The hearing board concluded that the respondent's conduct with respect to his failure to return the $4,000 to Kroener's father violated DR 1-102(A)(4) (a lawyer shall not engage in conduct involving dishonesty, fraud, deceit, or misrepresentation);[2] DR 9-102(A) (all funds of clients paid to the lawyer shall be deposited in one or more identifiable interest-bearing depository accounts maintained in the state in which the law office is located); and DR 9-102(B)(4) (a lawyer shall promptly pay or deliver to the client as requested by the client the funds, securities, or other properties in the possession of the lawyer which the client is entitled to receive). The board concluded that the respondent's conduct with respect to obtaining the affidavit from Kroener violated DR 1-102(A)(4) (engaging in conduct involving dishonesty, fraud, deceit, or misrepresentation) and DR 1-102(A)(5) (engaging in conduct prejudicial to the administration of justice). The board found that the respondent's conduct with respect to issuing insufficient funds checks violated DR 1-102(A)(6) (engaging in conduct that adversely reflects on fitness to practice law). See People v. Lamberson, 802 P.2d 1098, 1099-1100 (Colo.1990). We agree with these conclusions.


On February 10, 1986, we publicly censured the respondent for neglect of client matters found to be "attributable to a serious condition of addiction to cocaine and alcohol." People v. Driscoll, 716 P.2d 1086, 1088 (Colo.1986). In concluding that a public censure was appropriate, we stated:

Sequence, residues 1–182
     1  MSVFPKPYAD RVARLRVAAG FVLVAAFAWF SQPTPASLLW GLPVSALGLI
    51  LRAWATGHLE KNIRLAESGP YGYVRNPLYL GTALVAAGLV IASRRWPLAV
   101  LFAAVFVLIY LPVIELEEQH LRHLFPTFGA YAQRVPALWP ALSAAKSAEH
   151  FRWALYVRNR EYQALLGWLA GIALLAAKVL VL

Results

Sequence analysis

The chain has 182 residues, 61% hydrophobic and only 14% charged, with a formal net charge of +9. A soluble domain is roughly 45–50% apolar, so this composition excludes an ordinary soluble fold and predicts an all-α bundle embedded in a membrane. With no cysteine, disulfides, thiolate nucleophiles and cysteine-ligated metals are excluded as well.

We also find no basis to reject the conclusion that you will continue to abjure any dependency upon drugs or alcohol, and will continue to obtain such professional assistance as may be necessary to assure such personal health. In view of these circumstances, we find this public censure to be an appropriate sanction for your prior misconduct.

Id. at 1088-89.

In the fall of 1989, the respondent began using cocaine and alcohol again. He entered an inpatient drug rehabilitation program in February 1990, and was discharged approximately one month later. On January 10, 1991, the disciplinary counsel and the respondent entered into a "Joint Stipulation and Agreement" which provided that the respondent would remain active in Alcoholics Anonymous and Cocaine Anonymous, continue psychotherapy and urine monitoring, request that his psychotherapist and other health professionals file periodic reports with the Office of Disciplinary Counsel addressing the respondent's compliance with the conditions of the joint stipulation, and advise the health professionals *1022 to report immediately to the Office of Disciplinary Counsel any evidence that the respondent was using alcohol or illegal substances. The conditions of the stipulation were to remain in force until the appropriate health professional advised that the conditions were no longer necessary. On January 17, 1991, we issued an order for the respondent to comply with the conditions detailed in the Joint Stipulation and Agreement. People v. Driscoll, No. 90SA391 (Colo. Jan. 17, 1991) (order).